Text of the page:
They say that you can lead a horse to water, but you can’t make him drink. It seems like we’re in need of a corollary these days: you can show the wine industry signs of its demise year after year, but you can’t make people believe it.
Each year, Rob McMillan, head of the Wine Division of Silicon Valley Bank releases his State of the Wine Industry Report. It’s chock full of interesting data points about how the American wine industry feels, how business has been for the past year, and how the fundamentals of the wine economy have been performing.
The latest version of the report was released last week and simply put, the news is not great. There are plenty of other commentators out there who have spent time picking apart the highly detailed analysis that McMillan and his colleagues have done.
Here’s the bottom line for those without the time to read much, or who were just excited to click on an image featuring wine and zombies: two worrying trends continue unabated in the American wine industry.
The first is the trajectory of negative volume growth. While some (small) parts of the industry are growing, other (much, much larger) parts of the industry are shrinking, averaging out to fewer sales last year than the year before, and fewer sales next year than this year.
The continued weakness of wine at lower price points adds a particularly distressing edge to this trend. Wines between $8 and $15 are typically the wines a) most readily available and b) what many entry-level drinkers can afford to buy.
The second, even more terrifying trend is the stated lack of interest in wine by younger adults that are about to enter their prime drinking and buying years. Given the opportunity, younger adults of drinking age say they are more likely to reach for alcoholic drinks that they believe are more fun, less expensive, and healthier for them (think White Claw).
It doesn’t matter what you’re selling. If the graph of your customers’ inclination to buy your product looks like the one above, you can only come to one logical conclusion: your product isn’t relevant to younger generations.
Which means you have a marketing problem.
Of course, Rob McMillan has been telling that to the wine industry for several years.
But for all the facts and figures, all the stone-cold numbers pointing to the fact that the US wine industry is headed towards an unhappy future, one thing in particular in this year’s State of the Wine Industry report scared me more than any other and truly seemed like the first dreadful knell announcing a future that none of us want to see.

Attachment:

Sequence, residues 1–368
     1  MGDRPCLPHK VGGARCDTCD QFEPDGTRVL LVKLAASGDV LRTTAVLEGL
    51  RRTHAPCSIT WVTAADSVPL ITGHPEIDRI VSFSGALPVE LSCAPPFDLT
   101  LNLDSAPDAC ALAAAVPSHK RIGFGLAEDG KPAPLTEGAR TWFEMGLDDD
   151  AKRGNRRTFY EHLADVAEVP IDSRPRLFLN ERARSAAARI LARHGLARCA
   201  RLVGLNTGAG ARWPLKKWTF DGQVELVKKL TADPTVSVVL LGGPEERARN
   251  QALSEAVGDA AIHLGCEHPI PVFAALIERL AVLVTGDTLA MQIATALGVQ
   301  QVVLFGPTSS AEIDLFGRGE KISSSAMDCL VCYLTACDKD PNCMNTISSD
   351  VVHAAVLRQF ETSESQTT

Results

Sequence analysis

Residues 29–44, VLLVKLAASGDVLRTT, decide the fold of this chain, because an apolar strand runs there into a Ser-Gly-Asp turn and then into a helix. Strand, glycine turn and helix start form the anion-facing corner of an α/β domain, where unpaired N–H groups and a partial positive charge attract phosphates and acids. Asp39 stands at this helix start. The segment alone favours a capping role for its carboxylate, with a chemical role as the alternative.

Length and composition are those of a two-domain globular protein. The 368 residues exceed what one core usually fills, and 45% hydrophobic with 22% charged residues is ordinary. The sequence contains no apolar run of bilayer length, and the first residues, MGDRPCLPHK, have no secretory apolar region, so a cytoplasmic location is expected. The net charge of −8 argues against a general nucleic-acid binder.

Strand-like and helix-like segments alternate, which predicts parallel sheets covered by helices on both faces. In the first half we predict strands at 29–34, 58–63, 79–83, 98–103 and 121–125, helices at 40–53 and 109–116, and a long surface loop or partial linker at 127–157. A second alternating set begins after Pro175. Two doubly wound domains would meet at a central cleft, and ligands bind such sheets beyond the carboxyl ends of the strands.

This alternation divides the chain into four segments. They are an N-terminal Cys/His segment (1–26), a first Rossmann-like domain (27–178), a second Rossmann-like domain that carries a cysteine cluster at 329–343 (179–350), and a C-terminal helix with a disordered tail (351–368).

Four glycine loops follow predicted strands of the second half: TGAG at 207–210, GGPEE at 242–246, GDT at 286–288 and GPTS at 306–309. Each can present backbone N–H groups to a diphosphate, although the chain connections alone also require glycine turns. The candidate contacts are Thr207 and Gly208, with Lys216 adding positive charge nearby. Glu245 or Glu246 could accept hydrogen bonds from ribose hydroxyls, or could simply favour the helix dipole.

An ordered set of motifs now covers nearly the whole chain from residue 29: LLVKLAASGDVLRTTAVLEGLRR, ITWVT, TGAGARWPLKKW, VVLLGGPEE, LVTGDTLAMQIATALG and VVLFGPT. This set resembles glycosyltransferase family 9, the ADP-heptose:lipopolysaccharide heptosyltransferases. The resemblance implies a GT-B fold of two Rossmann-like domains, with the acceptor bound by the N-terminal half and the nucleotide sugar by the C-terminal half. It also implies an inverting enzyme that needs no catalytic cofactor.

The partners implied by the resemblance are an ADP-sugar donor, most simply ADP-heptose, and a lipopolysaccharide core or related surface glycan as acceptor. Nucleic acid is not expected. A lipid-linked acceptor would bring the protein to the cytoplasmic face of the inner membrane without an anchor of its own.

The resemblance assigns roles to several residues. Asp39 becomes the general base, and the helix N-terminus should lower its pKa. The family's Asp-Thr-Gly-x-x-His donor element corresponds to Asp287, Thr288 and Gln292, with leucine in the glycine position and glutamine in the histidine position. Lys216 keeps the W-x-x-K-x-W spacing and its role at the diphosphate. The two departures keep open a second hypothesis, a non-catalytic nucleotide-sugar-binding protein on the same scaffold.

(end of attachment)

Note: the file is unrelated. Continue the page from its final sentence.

You see, McMillan hasn’t been merely content to shout at the wine industry each year about how they weren’t connecting with new generations of wine drinkers. He actually tried to do something about it.
McMillan and a bunch of other industry heavyweights got together, solicited pledges of $1 million, and built a plan to create a national wine marketing board using the same kind of government funding that brought us the “Got Milk?,” or “Beef, It’s What’s For Dinner” campaigns.
In order for that plan to go forward, McMillan needed producers representing more than 67% of the wine industry to raise their hands and agree to pay a small tax in order to fund the effort on an ongoing basis.
But some of the wine industry’s biggest players said no. And after a year of lobbying, cajoling, arguing, and pleading, McMillan and his colleagues have given up.
That, my wine-loving friends, is the most terrible news I have heard about the wine industry in a very long time.
The guy with the boat and the life preserver was sitting right there, and the swimmer, barely keeping his head up, between choking on gulps of seawater, said, “Nah, I’m fine,” and waved him off.
It’s hard to wrap my head around how the wine industry believes things are going to turn out when it seems content to do the same things it’s always been doing even as the market for wine weakens, sales drop and a whole generation of drinkers builds loyalty with other beverages.
The biggest buyers of wine right now, the Baby Boomers, are dying. And those that aren’t dying are busy asking themselves whether they really need to buy any more wine because they’re not entirely sure they’re going to be able to drink all the bottles they have in the time they have left.
If the wine industry can’t figure out how to appeal to the generation that’s going to replace them, then there’s really only one thing they can hope for. But who in their right mind wants to actually wish for a zombie apocalypse?
If it doesn’t wake up and smell which way the wind is blowing, the American Wine Industry is soon going to get the customers it deserves.